Kitty began losing weight several months ago, and I waited to take her in.  The blood tests were perfect, but the x-rays showed a lung problem, probably lung cancer or a lung fungus.  Either way, the fungus treatment they said doesn’t work well, and it was too dangerous for me to give her pills.  Plus she just wasn’t eating.  It looked like Kitty’s time was short.

And then I had to go to my niece’s graduation and would be gone a week.  I knew that I was probably saying goodbye to Kitty for the last time and left crying my eyes out.  But, Bless her heart, Mrs. Perry kept her going, and Kitty lived to see my return.  She looked the same as when I left.  I was so overjoyed to see her and spend time with her in her last days. But that was not to be.

Then an hour after I had taken Mrs. Perry home, her breathing became more labored.  In retrospect, I wonder if I rushed her in, but the vet told me to watch her breathing so she wouldn’t suffer.  I spent time with her on the porch petting her and crying, and telling her how much she had meant to myself and Stacy and that she might be with him soon.

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Last pictures of Kitty when I was saying goodbye

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Mrs. Perry went with me to take in Kitty to the emergency clinic,  and that turned into a disaster.  My vets at Chancellor Animal Clinic were always wonderful, and had euthanized 3 cats and two dogs plus many others, and I know how it should go.  But they stressed  Kitty so much that she went into respiratory arrest and I didn’t get to say a proper final goodbye.  I have to deal with that emergency clinic, because what they did just wasn’t right.  They had no regard for a grieving pet owner especially at the front desk.  I could sic Holly on them, but I will do it myself.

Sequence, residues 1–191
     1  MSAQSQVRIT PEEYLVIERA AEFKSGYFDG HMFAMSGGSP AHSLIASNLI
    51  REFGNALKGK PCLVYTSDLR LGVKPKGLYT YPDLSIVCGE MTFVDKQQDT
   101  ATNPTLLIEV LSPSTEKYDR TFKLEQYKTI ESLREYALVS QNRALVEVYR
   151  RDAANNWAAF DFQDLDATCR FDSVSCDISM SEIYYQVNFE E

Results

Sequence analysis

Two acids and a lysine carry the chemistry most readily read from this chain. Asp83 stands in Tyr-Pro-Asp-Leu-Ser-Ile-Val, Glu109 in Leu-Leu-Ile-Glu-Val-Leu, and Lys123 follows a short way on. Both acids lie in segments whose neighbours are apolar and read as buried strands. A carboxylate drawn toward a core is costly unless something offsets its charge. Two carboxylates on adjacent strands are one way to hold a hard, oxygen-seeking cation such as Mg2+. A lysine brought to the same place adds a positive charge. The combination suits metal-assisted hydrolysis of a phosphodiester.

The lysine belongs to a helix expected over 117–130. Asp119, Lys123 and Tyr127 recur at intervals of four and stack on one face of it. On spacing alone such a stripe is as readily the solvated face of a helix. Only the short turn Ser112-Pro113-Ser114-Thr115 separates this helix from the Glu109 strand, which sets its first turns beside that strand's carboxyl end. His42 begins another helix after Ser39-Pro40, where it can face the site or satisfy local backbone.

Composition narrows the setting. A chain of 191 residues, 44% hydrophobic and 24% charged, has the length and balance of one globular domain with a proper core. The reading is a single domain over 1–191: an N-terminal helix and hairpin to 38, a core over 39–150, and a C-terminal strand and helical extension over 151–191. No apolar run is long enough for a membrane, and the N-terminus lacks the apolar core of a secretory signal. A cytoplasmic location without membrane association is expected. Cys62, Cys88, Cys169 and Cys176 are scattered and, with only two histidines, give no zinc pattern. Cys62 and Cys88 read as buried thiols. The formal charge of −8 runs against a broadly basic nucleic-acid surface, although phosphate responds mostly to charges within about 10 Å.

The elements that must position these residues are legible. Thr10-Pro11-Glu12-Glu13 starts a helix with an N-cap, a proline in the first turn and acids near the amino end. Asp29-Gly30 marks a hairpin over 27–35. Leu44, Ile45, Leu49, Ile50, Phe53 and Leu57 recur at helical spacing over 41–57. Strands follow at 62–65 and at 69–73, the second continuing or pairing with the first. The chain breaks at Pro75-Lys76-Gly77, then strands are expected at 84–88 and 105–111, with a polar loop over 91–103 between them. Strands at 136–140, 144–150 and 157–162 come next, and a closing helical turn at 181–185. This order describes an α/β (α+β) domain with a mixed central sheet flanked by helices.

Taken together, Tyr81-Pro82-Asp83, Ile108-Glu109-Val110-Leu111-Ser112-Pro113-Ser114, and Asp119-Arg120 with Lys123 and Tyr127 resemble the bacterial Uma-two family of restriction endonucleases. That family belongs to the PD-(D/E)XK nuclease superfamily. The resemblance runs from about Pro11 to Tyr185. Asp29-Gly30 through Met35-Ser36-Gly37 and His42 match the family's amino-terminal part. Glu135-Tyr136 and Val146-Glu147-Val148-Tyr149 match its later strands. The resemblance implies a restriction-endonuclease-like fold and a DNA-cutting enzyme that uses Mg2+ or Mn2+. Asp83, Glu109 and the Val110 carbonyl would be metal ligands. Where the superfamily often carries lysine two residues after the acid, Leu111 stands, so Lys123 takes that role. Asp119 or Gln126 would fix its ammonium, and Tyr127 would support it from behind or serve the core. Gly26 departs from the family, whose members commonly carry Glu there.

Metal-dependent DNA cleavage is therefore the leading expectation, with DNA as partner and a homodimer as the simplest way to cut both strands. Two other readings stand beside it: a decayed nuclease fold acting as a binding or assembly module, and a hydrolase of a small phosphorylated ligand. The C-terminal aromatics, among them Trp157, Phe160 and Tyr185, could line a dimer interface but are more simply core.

Kitty took her last breath in the vets arms as he came in the room.  Her pupils were dilated and I was just beside myself.  Of course, I felt guilty having brought her to that place so quickly and how she was treated.  The first words out of my mouth were, “Kitty I am so sorry.”  Those words are telling because that is just how I felt and still feel.

I ask a million zillion questions at a vet and at a doctor’s visit, and the one time I trust without asking what they are going to do, they screwed up.

Everyone tells me that I must let this go, and perhaps with time I will after I write that letter.

I haven’t cried this hard since Stacy died.  I didn’t realize how much I loved a cat that was always here like a visitor at a hotel with a temporary name, Kitty.  When the vet told me I first brought her in 8 years ago, I was shocked, but from my pictures knew it was true.  No one in the family thought it was that long either.

So Kitty is in a better place.  I was not going to have her cremated, but decided to do that too.  Kitty waited for me to come home from that trip, obviously because she loved me as much as I loved her.

It seems so strange not to have a cat bed on the porch and the feeding dishes, and Kitty not sitting by the front door waiting for breakfast.  I miss most of all Kitty coming into the garage to greet me whenever I came home.  She greeted me that same way on her last day.

I might have run a Kitty hotel for 8 years, but the joy that cat brought Stacy, and the comfort she brought me after his death were immeasurable.  Kitty, I will always love you.  You were one of a kind.  And you are back with Stacy once again.Group 6 June-sept05cruise 351